As of October 1, 2015, FFS (fee for service) Medical Claims will require ICD-10 codes for disease documentation in lieu of ICD-9 codes.
As noted in this July 7, 2015 letter to providers from CMS Administrator Andrew Slavitt , no claims submitted after October 1, 2015 will be processed unless diseases are documented with ICD-10 codes. And as usual, private insurers are following CMS’ lead and are requiring ICD-10 documentation for their claims as of October 1.
On the surface, going from approximately 16,000 ICD-9 codes to 68,000 ICD-10 codes seems daunting.
The good news is that there are simple tools to deal with this transition such as an ICD-10 …Read more
Making intelligent decisions on a company’s future depends on a myriad of factors: Projected cash flow being a key metric.
Unfortunately, projected cash flow in a typical medical practice is getting progressively more difficult to ascertain. With the constant changes in healthcare, historical data may be an inaccurate measure of future revenue and a medical practice must continually adjust their projected revenues based on a number of factors.
Following are the few of the myriad items that can affect a clinic’s cash flow:
1). Expected reimbursement rates for patients who have enrolled through the government’s healthcare exchange….
2). Current penalties for Meaningful Use, PQRS and/or the related Value Based Modifier adjustment could reduce Medicare reimbursements up to an additional 9%. If a practice is not current on their Meaningful Use attestation and…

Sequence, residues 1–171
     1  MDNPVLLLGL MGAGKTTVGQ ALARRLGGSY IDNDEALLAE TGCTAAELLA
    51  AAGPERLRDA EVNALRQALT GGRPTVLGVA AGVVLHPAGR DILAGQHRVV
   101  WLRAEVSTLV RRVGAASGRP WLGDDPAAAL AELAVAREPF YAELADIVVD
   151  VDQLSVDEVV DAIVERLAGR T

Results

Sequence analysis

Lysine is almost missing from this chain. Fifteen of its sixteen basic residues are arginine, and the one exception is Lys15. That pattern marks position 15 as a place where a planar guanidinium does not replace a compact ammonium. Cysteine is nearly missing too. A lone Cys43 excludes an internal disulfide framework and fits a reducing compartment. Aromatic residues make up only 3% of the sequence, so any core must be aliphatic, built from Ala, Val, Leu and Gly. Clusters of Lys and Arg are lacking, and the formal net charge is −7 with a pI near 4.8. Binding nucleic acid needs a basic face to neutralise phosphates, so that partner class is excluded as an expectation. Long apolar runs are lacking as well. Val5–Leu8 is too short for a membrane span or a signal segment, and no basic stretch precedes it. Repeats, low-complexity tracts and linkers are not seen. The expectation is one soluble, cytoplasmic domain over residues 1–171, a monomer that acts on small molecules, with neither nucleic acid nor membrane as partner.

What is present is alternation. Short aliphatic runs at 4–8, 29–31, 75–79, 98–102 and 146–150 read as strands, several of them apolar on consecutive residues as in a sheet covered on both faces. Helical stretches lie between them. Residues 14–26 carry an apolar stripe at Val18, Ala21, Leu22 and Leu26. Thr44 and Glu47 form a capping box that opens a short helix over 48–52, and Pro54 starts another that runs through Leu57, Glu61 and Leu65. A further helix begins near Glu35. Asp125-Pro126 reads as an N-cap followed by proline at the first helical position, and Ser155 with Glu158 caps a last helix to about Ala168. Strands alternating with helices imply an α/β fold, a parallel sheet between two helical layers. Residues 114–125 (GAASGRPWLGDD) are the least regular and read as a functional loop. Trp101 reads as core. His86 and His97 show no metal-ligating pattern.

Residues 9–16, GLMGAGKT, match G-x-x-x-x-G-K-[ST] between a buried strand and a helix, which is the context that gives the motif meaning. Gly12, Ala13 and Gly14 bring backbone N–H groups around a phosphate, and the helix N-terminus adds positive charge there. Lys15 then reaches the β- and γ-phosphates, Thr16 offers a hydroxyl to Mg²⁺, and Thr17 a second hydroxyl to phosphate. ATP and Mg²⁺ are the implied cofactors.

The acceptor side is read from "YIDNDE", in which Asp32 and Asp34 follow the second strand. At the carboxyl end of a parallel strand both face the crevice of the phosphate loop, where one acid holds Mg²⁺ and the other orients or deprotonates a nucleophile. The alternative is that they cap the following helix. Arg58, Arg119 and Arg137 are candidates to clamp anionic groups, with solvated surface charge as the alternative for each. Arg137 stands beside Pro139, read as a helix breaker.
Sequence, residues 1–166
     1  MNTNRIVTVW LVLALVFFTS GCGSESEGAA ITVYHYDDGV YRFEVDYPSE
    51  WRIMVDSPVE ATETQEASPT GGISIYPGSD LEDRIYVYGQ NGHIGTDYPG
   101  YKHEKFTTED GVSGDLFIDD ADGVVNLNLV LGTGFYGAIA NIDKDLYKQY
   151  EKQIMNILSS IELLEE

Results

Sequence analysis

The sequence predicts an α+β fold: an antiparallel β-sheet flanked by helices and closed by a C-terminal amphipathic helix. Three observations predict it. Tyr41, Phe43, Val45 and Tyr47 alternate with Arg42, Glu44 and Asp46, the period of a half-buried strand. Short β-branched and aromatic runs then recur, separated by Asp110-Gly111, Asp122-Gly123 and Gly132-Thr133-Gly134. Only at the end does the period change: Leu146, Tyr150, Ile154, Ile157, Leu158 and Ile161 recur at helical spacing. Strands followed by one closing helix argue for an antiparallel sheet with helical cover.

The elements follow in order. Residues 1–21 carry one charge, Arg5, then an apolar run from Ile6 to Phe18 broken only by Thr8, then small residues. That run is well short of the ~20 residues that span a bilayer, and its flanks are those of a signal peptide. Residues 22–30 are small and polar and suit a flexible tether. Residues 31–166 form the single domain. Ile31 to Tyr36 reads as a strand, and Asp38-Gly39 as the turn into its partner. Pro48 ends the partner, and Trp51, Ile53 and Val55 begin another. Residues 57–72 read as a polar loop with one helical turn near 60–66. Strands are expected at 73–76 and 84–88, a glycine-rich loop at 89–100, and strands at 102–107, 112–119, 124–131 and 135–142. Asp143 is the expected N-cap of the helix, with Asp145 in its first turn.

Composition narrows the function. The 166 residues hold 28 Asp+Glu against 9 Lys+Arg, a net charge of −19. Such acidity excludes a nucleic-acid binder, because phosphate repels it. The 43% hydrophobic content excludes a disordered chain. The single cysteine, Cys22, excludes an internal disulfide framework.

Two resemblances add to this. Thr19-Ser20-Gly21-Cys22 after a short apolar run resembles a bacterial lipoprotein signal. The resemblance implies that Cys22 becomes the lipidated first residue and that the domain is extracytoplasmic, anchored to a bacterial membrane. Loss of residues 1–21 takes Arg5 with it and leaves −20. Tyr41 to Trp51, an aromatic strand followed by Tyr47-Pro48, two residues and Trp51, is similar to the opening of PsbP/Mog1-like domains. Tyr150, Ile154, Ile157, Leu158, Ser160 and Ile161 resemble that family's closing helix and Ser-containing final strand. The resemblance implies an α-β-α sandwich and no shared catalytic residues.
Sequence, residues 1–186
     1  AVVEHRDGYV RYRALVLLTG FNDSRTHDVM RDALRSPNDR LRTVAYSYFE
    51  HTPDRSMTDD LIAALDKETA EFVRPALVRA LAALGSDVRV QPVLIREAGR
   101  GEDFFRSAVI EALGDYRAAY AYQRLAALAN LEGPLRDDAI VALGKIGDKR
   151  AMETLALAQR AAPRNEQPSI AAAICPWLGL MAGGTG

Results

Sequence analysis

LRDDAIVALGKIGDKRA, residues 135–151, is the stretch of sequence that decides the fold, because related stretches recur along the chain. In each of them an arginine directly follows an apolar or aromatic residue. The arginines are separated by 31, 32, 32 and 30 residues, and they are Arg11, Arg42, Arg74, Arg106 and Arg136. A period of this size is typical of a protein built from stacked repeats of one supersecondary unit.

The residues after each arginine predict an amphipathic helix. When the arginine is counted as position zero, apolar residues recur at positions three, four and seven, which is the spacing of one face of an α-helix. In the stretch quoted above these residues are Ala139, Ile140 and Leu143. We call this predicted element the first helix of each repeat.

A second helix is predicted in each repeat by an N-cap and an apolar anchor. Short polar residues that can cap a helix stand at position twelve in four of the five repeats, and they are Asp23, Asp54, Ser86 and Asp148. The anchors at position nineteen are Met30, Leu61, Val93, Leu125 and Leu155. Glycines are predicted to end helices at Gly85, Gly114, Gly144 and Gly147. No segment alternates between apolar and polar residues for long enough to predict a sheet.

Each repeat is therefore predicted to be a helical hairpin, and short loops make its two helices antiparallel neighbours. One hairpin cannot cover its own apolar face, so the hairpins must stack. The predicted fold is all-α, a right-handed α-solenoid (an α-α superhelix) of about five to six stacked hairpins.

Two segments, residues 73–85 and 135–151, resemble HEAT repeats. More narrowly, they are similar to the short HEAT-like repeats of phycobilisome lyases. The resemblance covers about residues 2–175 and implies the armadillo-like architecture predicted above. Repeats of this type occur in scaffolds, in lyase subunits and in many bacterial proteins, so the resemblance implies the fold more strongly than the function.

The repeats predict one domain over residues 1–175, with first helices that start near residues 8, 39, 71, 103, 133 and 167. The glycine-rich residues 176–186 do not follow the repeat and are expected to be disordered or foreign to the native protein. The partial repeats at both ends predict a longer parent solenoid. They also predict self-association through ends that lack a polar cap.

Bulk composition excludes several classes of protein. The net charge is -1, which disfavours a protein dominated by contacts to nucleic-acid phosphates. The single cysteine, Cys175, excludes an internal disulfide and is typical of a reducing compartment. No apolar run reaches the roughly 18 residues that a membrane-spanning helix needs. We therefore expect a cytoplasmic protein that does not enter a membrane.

3.) Current actual reimbursement rates per CPT code broken down by insurance carrier compared to contracted…Read more
“My Medical Billing Company is Not Performing but I am Afraid to Lose Cash Flow by Changing Anything”. Such is the lament of many physician/CEO’s. With insurers increasingly denying claims for technicalities and for their own cash flow benefit, the problem of rejected claims is only increasing.
For the medical billing company, initial claims can be submitted in bulk which is where the economies of scale for the billing company come in.
The rejected claims have to be handled on a case by case basis.
If the rejected claims take more than a few minutes to work on for a billing company, then it does not make sense for the billing company to work on these rejections. This is simple economics.
The billing company would prefer to spend that same time submitting new claims, in bulk, generated from new office visits. This cycle goes on and on and the medical practice’s aging gets worse and worse until the claims become uncollectable.
How do you stop this crazy cycle? Basically, a practice has to grow a third arm and go outside their comfort zone. There are a few ways to attack this problem.
Perhaps Dr. Carson’s political shortcomings are also a reflection of many physicians’ dilemma. Logic would have it that if you are a great and dedicated clinician and care about your patients, then you should be successful as a physician. But as many physicians can attest to, being a great and caring physician is, unfortunately, becoming a smaller part of being successful as a physician.
Change is Good: How Doctors Can Remain Independent in 1000 Easy Steps or Less. If an entity is willing to take over a practice and pay the physician a salary, then it is pretty obvious that they see something that the physician is missing. They see receivables not collected, visits not properly billed, contracts not negotiated, employees not needed, appointments not made and books not kept. They see marketing not being done, IT deficiencies, operational inefficiencies and cost overruns. But more importantly, they also see positives such as a good established practice within a target demographic with existing patient, insurance and vendor relationships.